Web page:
EU energy head in Iran with businessmen to show support for nuke deal amid bellicose Trump rhetoric

EU energy head in Iran with businessmen to show support for nuke deal amid bellicose Trump rhetoric

Published time: 30 Apr, 2017 13:02
Edited time: 30 Apr, 2017 13:03

The EU’s energy commissioner is in Tehran to boost business ties and express Europe’s support for the country’s nuclear deal. With Iranian President Rouhani up for reelection within weeks, Brussels aims to boost trust in the landmark 2015 agreement.

Miguel Arias Canete, Europe’s commissioner for climate action and energy, came to the Islamic Republic for a two day visit to meet with senior Iranian officials, including the country’s atomic chief, vice-president, and ministers of oil and energy. He brought along representatives of some 50 companies and business associations from EU countries. The businessmen are attending a clean energy forum where some 40 Iranian companies are represented. The commissioner’s program also includes a climate change conference.

This is the latest in a series of high-profile contacts between Iran and the EU, where leaders appear concerned with the hardline rhetoric coming from Washington. US President Donald Trump has accused Tehran of “violating the spirit” of the 2015 nuclear deal, which lifted economic sanctions from Iran in exchange for it restraining its nuclear program.

The nuclear sanctions had hurt the Iranian economy, but also affected the country’s European oil customers. The deal has allowed for a rapid re-establishment of business ties.

“After the nuclear deal came into effect, trade between the EU and Iran has risen by 79 percent, exports from Iran to the EU have jumped by 450 percent, and the two sides have established a dynamic energy partnership,” Canete told the business forum.

“Now we want to take this success story one step further. The energy sector will feature prominently in our future relations and we are committed to fully tap into its economic and social potential while contributing to achieve our climate commitments,” he said.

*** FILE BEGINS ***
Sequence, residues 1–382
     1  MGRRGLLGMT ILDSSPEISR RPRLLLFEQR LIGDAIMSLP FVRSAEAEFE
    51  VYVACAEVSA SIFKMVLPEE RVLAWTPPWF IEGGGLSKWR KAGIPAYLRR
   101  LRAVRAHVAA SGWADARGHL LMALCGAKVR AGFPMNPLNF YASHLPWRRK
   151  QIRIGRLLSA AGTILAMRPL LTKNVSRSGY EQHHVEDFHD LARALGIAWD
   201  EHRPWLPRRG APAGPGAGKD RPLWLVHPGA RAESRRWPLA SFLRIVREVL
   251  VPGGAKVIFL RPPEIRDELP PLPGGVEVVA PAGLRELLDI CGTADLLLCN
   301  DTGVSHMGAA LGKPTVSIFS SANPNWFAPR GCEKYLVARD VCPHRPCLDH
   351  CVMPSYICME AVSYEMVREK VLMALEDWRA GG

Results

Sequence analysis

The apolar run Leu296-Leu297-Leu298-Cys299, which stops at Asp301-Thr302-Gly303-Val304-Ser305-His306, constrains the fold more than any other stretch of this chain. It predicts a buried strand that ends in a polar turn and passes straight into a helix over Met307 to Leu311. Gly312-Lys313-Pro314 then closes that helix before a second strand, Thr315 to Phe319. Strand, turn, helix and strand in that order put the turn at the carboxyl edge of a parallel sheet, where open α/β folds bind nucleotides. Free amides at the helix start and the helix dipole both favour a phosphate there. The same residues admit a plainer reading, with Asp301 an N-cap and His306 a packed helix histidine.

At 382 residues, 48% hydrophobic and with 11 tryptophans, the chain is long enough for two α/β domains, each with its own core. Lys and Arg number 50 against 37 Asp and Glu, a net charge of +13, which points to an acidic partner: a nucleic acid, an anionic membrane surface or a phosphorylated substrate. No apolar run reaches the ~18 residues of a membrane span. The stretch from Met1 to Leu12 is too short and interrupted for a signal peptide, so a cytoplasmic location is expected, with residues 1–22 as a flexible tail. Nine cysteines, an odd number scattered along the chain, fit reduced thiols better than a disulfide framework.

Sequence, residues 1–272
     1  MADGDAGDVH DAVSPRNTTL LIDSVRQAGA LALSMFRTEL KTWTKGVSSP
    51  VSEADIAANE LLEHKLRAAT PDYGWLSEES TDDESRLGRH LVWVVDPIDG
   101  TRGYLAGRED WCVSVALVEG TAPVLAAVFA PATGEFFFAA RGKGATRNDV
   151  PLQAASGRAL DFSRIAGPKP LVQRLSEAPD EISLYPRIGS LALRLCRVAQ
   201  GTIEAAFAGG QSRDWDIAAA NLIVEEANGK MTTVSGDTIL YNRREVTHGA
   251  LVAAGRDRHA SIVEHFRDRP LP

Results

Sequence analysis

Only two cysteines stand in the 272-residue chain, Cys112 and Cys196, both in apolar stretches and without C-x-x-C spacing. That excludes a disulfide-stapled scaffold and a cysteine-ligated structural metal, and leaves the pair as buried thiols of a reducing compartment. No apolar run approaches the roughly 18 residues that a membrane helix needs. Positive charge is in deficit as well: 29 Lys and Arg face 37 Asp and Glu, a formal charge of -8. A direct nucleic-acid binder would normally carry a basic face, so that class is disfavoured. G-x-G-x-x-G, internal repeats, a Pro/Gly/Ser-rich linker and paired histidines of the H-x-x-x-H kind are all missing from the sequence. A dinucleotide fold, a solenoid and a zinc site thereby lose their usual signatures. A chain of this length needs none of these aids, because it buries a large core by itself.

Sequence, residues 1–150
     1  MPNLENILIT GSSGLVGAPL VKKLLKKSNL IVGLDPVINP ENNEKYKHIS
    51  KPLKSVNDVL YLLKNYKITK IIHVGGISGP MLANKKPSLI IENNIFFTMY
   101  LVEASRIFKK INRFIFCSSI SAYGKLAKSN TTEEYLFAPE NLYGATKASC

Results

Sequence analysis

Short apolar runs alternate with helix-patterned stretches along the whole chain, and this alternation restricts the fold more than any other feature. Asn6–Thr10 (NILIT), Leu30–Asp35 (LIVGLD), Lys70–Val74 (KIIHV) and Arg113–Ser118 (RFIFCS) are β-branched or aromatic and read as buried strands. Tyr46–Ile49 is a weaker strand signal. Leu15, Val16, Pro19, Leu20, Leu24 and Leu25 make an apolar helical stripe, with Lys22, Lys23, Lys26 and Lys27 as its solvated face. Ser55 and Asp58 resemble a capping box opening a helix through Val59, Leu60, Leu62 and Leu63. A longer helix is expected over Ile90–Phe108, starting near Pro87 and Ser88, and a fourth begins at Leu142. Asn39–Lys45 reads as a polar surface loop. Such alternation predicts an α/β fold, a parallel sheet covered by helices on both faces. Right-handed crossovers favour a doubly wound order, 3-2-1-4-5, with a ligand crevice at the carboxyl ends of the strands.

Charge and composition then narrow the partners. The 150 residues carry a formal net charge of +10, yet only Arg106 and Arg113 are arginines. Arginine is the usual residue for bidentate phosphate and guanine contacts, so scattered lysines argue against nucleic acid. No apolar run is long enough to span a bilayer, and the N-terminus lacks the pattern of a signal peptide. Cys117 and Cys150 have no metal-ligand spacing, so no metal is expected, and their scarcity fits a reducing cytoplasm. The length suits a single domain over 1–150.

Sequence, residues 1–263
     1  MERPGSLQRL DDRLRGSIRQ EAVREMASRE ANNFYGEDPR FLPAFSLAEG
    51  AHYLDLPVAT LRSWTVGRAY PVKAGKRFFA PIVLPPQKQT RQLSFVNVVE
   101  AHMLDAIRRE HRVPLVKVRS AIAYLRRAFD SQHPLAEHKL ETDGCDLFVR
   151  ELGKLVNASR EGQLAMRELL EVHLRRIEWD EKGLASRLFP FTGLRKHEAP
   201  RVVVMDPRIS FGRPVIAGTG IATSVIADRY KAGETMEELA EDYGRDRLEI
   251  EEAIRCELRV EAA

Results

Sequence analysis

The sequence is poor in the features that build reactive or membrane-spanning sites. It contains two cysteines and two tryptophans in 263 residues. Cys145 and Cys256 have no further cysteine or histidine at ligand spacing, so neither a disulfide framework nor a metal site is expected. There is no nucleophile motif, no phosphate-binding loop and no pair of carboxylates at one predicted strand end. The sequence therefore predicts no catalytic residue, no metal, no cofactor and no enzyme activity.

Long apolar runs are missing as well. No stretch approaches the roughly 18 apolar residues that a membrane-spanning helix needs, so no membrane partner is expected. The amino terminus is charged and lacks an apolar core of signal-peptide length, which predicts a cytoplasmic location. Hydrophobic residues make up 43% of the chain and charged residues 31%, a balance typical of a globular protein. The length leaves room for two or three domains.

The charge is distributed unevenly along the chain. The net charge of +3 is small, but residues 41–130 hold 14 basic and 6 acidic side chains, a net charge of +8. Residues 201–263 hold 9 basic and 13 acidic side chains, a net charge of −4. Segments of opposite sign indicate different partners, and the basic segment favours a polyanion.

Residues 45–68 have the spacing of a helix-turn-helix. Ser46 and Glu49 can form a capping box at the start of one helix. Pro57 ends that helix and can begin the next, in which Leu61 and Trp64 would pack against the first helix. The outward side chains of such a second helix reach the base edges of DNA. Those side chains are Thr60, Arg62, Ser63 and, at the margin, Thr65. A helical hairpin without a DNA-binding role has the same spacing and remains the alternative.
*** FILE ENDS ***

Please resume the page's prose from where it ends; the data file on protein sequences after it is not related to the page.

On meeting Ali Akbar Salehi, the head of the Atomic Energy Organization of Iran, the EU commissioner reiterated Brussels’ support for the nuclear deal, while confirming that Tehran is in full compliance with its terms.

The two officials discussed a €5 million investment program, under which the EU would help Iran boost nuclear safety. Last week Tehran and the European Commission inked an agreement on creating a center dedicated to the issue in Iran. The EU will later help conduct a stress test of the Russian-built Bushehr nuclear power plant as part of the deal.

Two weeks ago, Tehran hosted another high-profile delegation from the EU headed by foreign policy chief Federica Mogherini, which included half a dozen European commissioners, Canete among them.

The EU is making an effort to boost the position of Iranian President Hassan Rouhani, according to Reuters. Hardliners in Tehran have criticized the moderate politician, who was Iran’s driving force behind the nuclear deal, saying the agreement should have delivered more significant economic relief, with the Trump administration’s accusations currently playing in their favor.

The deal did manage to bring some international businesses to Iran, including aircraft producers Airbus and Boeing, carmakers Peugeot–Citroen and Renault, and engineering giant Siemens. However, the country remains largely insulated from the international financial system, which depends much more on Washington’s regulatory decisions and control.

The US has criticized Iran on a number of issues, including its missile development program and support for the Syrian government. Washington also alleges that Tehran is funding terrorist groups. The bellicose rhetoric has some EU officials worrying that the breakthrough nuclear deal may fall victim to the bickering.

“We disagree that we have to address these issues by ditching the (nuclear) deal,” one EU diplomat told Reuters. “This will only empower those (in Iran) with a more confrontational stance – bring out the worst in the system,” they said.

“The Europeans want to at least create the optical impression they are politically invested in this deal working,” said Ellie Geranmayeh of the European Council on Foreign Relations, adding “even if from a commercial perspective, companies are essentially on hold.”

Rouhani is running for reelection on May 19, with the EU reportedly pressuring the US to delay a bill currently floating around on the Capitol Hill that would slap more sanctions in Iran.

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